The Government of Alberta identified 115 new COVID-19 cases Sunday, bringing the provincial total to 3,089.
(Black Press file photo)
Red Deer COVID cases continue to fall

114 cases in Red Deer, down one from Saturday

Maskwacis Pride crosswalk (Left to right): Montana First Nation Councillor Reggie Rabbit, Samson Cree Nation Councillor Louise Omeasoo, Samson Cree Nation Councillor Katherine Swampy, Samson Cree Nation Councillor Shannon Buffalo, Samson Cree Nation Chief Vern Saddleback.
Pride in Maskwacis

The 4th inaugural Maskwacis Pride crosswalk painting took place on Saturday June 12th, 2021

People watch a car burn during a riot following game 7 of the NHL Stanley Cup final in downtown Vancouver, B.C., in this June 15, 2011 photo. THE CANADIAN PRESS/Geoff Howe
10 years ago: Where were you during the 2011 Vancouver Stanley Cup Riots?

Smashed-in storefronts, looting, garbage can fires and overturned cars some of the damage remembered today

(Black Press Media file)
Dirty money: Canadian currency the most germ-filled in the world, survey suggests

Canadian plastic currency was found to contain 209 bacterial cultures

A worker, at left, tends to a customer at a cosmetics shop amid the COVID-19 pandemic Thursday, May 20, 2021, in Los Angeles. (AP Photo/Marcio Jose Sanchez)
Half of cosmetics sold in Canada, U.S. contain toxic chemicals: study

Researchers found that 56% of foundations and eye products contain high levels of fluorine

Annamie Paul, leader of the Green Party of Canada, speaks at a news conference on Parliament Hill in Ottawa, on June 10, 2021. THE CANADIAN PRESS/Justin Tang
Green Leader Annamie Paul facing no-confidence motion from party brass

move follows months of internal strife and the defection of MP Jenica Atwin to the Liberals

Tulips bloom in front of the Supreme Court of Canada in Ottawa, Thursday, May 10, 2018. Day two of a full week of scheduled hearings will be heard in Federal Court today on a case involving Indigenous children unnecessarily taken into foster care by what all parties call Canada’s “broken child welfare system.” THE CANADIAN PRESS/Sean Kilpatrick
AFN slams Ottawa for ‘heartless’ legal challenge of First Nations child compensation

2019 decision awarded $40,000 to each Indigenous child removed before 2006

A health-care worker holds up a sign signalling she needs more COVID-19 vaccines at the ‘hockey hub’ mass vaccination facility at the CAA Centre during the COVID-19 pandemic in Brampton, Ont., on Friday, June 4, 2021. This NHL-sized hockey rink is one of CanadaÕs largest vaccination centres. THE CANADIAN PRESS/Nathan Denette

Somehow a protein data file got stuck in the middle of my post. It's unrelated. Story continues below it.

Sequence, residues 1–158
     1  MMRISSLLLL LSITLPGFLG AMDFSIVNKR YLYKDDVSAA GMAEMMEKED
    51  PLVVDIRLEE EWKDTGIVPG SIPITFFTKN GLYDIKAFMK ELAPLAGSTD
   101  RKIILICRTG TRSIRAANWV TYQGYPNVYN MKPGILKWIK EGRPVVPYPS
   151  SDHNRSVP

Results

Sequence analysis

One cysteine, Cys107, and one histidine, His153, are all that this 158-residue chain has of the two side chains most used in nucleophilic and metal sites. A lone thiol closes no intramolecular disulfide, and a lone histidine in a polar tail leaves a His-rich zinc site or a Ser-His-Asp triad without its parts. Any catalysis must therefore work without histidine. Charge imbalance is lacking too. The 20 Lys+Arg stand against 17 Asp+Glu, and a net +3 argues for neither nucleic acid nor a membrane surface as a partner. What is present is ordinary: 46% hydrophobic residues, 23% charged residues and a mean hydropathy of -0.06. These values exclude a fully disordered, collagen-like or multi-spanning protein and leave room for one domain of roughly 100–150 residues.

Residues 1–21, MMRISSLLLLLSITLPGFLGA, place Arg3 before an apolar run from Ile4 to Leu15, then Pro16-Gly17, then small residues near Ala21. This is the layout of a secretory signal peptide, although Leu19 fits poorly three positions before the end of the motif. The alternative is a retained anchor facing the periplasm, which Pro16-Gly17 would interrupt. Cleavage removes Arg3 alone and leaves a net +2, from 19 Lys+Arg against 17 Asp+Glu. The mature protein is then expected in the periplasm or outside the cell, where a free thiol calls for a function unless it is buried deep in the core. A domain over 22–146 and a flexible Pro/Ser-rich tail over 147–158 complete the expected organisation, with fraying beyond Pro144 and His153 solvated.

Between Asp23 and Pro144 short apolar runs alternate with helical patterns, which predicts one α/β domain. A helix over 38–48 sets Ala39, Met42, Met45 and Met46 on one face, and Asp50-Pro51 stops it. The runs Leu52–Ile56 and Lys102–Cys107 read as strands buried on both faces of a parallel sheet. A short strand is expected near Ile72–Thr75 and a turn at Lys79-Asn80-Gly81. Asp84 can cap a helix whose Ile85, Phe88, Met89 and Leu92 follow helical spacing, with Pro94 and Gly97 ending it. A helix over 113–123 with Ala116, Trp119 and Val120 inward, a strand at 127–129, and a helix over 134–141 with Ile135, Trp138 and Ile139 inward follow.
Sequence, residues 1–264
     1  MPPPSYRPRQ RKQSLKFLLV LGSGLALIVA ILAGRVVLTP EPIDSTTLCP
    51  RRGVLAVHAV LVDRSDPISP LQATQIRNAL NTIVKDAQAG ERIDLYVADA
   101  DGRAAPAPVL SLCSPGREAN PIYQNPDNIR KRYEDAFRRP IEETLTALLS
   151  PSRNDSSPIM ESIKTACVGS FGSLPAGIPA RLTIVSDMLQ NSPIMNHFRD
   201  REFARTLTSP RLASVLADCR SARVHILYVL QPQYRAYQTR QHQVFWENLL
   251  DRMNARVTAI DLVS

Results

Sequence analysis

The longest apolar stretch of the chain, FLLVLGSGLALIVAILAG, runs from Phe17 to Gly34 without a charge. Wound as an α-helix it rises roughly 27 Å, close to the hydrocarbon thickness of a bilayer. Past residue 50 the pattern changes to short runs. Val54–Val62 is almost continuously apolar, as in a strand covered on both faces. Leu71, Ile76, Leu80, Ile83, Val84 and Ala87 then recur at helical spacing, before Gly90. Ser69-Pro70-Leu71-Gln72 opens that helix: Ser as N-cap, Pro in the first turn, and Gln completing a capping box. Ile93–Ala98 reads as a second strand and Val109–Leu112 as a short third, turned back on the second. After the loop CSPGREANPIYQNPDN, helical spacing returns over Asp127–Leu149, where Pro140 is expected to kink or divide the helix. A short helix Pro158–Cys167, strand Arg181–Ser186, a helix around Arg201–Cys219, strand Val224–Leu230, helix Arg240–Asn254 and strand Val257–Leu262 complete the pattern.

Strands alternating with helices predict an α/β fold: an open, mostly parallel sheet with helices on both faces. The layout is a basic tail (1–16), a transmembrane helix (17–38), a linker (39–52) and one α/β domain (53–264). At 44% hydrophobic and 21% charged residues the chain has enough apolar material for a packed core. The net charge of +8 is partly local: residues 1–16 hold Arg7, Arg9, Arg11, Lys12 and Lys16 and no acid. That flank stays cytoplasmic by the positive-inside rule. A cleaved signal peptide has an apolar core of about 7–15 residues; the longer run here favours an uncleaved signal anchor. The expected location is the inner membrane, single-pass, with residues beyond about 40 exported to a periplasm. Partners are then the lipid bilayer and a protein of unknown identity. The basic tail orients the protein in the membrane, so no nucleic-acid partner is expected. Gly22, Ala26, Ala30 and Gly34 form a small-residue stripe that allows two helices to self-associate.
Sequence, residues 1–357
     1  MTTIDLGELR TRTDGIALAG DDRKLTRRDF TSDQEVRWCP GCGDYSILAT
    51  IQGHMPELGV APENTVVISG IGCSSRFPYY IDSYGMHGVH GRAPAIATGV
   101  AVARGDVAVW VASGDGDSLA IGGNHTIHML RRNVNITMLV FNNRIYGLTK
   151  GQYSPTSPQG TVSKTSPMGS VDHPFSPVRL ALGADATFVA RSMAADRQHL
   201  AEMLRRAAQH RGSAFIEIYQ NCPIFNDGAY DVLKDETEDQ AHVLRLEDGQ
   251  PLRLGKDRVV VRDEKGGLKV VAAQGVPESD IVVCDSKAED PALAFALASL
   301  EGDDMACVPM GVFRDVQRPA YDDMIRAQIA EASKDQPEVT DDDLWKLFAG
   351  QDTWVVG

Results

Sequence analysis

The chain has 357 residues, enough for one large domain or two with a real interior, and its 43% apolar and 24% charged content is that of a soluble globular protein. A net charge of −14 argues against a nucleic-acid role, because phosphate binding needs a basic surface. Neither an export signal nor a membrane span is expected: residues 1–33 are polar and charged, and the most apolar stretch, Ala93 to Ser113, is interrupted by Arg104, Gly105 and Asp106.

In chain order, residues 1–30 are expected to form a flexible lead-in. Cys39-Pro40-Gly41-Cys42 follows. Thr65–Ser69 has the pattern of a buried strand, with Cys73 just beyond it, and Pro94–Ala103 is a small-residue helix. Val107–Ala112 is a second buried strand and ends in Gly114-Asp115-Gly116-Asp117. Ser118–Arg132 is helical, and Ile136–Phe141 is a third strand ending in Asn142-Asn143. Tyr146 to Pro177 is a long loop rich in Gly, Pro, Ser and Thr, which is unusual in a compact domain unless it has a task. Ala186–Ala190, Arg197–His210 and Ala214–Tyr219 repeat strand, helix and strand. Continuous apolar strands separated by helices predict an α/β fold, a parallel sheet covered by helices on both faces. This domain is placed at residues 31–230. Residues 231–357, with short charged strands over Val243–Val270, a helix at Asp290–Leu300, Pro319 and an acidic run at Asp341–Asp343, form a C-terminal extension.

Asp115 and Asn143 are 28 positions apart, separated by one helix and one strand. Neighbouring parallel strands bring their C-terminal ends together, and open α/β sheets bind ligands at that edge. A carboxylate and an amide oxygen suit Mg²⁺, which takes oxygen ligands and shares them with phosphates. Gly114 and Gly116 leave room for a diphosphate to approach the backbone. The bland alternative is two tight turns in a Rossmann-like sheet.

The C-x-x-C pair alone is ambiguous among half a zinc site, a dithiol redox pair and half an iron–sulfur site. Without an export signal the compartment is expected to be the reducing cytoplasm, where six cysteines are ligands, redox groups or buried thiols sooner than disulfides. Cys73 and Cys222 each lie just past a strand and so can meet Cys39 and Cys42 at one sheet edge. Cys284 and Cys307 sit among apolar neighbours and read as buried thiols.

‘Vaxxed to the max’: Feds launch Ask an Expert campaign to encourage COVID shots

Survey shows that confidence in vaccines has risen this spring

Children’s shoes and flowers are shown after being placed outside the Ontario legislature in Toronto on Monday, May 31, 2021. THE CANADIAN PRESS/Frank Gunn
Ontario commits $10 million to investigate burial sites at residential schools

Truth and Reconciliation Commission identified 12 locations of unmarked burial sites in Ontario

Two hundred and fifteen lights are placed on the lawn outside the Residential School in Kamloops, B.C., Saturday, June, 13, 2021. The remains of 215 children were discovered buried near the former Kamloops Indian Residential School earlier this month. THE CANADIAN PRESS/Jonathan Hayward
Days after Kamloops remains discovery, Tk’emlups families gather to unite, move ahead

‘We have to work together because this is going to be setting a precedent for the rest of the country’

In this Saturday, May 29, 2021, file photo, people crowd the Santa Monica Pier in Santa Monica, Calif. California, the first state in America to put in place a coronavirus lockdown, is now turning a page on the pandemic. Most of California’s coronavirus restrictions will disappear Tuesday, June 15, 2021. (AP Photo/Damian Dovarganes, File)
With COVID tamed, it’s a ‘grand reopening’ in California

No more state rules on social distancing, no more limits on capacity, no more mandatory masks

Most Read